# Ford-Fulkerson Algorithm In this tutorial, you will learn what the Ford-Fulkerson algorithm is. Likewise, you will discover working instances of discovering maximum flow in a flow network in C, C++, Java, and Python.

Ford-Fulkerson algorithm is a greedy approach for calculating the maximum conceivable flow in a network or a graph.

A term, flow network, is used to depict a network of vertices and edges with a source (S) and a sink (T). Every vertex, with the exception of S and T, can get and send an equivalent measure of stuff through it. S can just send and T can just get stuff.

We can envision the comprehension of the algorithm using a flow of liquid inside a network of pipes of various capacities. Each pipe has a specific capacity of liquid it can move at a case. For this algorithm, we will discover how much liquid can be moved from the source to the sink at an instance using the network.

Contents

## Terminologies Used

### Augmenting Path

It is the way accessible in a flow network.

### Residual Graph

It addresses the flow network that has extra conceivable flow.

### Residual Capacity

It is the capacity of the edge in the wake of taking away the flow from the maximum capacity.

## How does Ford-Fulkerson Algorithm work?

The algorithm follows:

1. Introduce the flow in all the edges to 0.

2. While there is an augmenting path between the source and the sink, add this way to the flow.

3. Update the residual graph.

We can likewise consider reverse-path whenever required since, in such a case that we don’t think about them, we may never find a maximum flow.

The above ideas can be perceived with the example beneath.

## Ford-Fulkerson Example

The flow of the multitude of edges is 0 toward the start.

1. Select any arbitrary path from S to T. In this step, we have selected path S-A-B-T.

The minimum capacity among the three edges is 2 (B-T). In view of this, update the flow/capacity in every way.

2. Select another way S-D-C-T. The minimum capacity among these edges is 3 (S-D).

Update the capacities according to this.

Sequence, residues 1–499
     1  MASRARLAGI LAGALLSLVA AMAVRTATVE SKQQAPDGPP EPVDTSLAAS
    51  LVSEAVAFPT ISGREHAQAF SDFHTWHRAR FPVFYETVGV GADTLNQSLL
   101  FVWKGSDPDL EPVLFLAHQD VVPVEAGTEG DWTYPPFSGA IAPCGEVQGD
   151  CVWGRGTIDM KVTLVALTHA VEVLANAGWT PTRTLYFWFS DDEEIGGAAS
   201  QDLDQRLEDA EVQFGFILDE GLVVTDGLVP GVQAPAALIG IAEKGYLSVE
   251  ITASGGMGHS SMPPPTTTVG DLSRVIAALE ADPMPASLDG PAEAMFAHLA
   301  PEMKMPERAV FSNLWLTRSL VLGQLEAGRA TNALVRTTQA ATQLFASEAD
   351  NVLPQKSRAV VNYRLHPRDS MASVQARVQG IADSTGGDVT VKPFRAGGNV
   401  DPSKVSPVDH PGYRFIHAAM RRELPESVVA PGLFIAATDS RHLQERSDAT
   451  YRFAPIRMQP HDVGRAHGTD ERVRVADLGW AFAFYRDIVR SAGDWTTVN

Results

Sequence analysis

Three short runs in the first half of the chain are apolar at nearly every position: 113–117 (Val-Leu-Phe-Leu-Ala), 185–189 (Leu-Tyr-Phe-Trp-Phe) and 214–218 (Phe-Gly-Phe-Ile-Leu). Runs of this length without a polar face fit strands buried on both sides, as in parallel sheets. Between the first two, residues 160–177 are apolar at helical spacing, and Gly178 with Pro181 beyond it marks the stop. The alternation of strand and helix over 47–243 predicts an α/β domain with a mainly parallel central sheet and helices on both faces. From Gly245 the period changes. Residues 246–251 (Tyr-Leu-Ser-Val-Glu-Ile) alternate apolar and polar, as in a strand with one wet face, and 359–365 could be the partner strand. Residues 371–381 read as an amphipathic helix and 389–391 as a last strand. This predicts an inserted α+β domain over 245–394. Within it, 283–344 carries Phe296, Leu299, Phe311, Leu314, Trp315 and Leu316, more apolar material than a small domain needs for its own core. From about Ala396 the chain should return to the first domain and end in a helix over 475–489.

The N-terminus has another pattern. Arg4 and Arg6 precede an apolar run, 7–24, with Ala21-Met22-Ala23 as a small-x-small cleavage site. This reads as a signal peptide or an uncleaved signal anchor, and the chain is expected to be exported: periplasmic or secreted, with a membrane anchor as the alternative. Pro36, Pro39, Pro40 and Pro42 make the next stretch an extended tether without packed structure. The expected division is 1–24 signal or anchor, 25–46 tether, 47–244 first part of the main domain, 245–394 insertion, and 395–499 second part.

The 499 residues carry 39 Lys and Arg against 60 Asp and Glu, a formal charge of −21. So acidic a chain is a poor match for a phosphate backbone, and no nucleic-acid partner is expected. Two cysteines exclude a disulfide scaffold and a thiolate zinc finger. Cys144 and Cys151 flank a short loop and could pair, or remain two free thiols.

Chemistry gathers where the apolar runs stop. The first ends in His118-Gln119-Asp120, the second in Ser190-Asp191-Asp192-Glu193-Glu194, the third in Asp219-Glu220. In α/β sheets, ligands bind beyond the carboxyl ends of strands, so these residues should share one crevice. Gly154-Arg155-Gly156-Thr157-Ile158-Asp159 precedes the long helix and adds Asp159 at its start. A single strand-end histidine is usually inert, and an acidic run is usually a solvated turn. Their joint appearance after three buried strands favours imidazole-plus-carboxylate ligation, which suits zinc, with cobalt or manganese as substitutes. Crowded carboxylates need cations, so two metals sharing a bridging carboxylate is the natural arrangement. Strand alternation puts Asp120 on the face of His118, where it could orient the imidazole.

3. Presently, let us consider the reverse way B-D too. Choosing way S-A-B-D-C-T. The minimum residual capacity among the edges is 1 (D-C).

Updating the capacities.

The capacity for forward and reverse ways is considered separately.

4. Adding all the flows = 2 + 3 + 1 = 6, which is the maximum conceivable flow on the flow network.

Note that assuming the capacity for any edge is full, that way can’t be used.

## Python, Java and C/C++ Examples

Python

```# Ford-Fulkerson algorith in Python

from collections import defaultdict

class Graph:

def __init__(self, graph):
self.graph = graph
self. ROW = len(graph)

# Using BFS as a searching algorithm
def searching_algo_BFS(self, s, t, parent):

visited = [False] * (self.ROW)
queue = []

queue.append(s)
visited[s] = True

while queue:

u = queue.pop(0)

for ind, val in enumerate(self.graph[u]):
if visited[ind] == False and val > 0:
queue.append(ind)
visited[ind] = True
parent[ind] = u

return True if visited[t] else False

# Applying fordfulkerson algorithm
def ford_fulkerson(self, source, sink):
parent = [-1] * (self.ROW)
max_flow = 0

while self.searching_algo_BFS(source, sink, parent):

path_flow = float("Inf")
s = sink
while(s != source):
path_flow = min(path_flow, self.graph[parent[s]][s])
s = parent[s]

max_flow += path_flow

# Updating the residual values of edges
v = sink
while(v != source):
u = parent[v]
self.graph[u][v] -= path_flow
self.graph[v][u] += path_flow
v = parent[v]

return max_flow

graph = [[0, 8, 0, 0, 3, 0],
[0, 0, 9, 0, 0, 0],
[0, 0, 0, 0, 7, 2],
[0, 0, 0, 0, 0, 5],
[0, 0, 7, 4, 0, 0],
[0, 0, 0, 0, 0, 0]]

g = Graph(graph)

source = 0
sink = 5

print("Max Flow: %d " % g.ford_fulkerson(source, sink))```

Java

```// Ford-Fulkerson algorith in Java

class FordFulkerson {
static final int V = 6;

// Using BFS as a searching algorithm
boolean bfs(int Graph[][], int s, int t, int p[]) {
boolean visited[] = new boolean[V];
for (int i = 0; i < V; ++i)
visited[i] = false;

visited[s] = true;
p[s] = -1;

while (queue.size() != 0) {
int u = queue.poll();

for (int v = 0; v < V; v++) {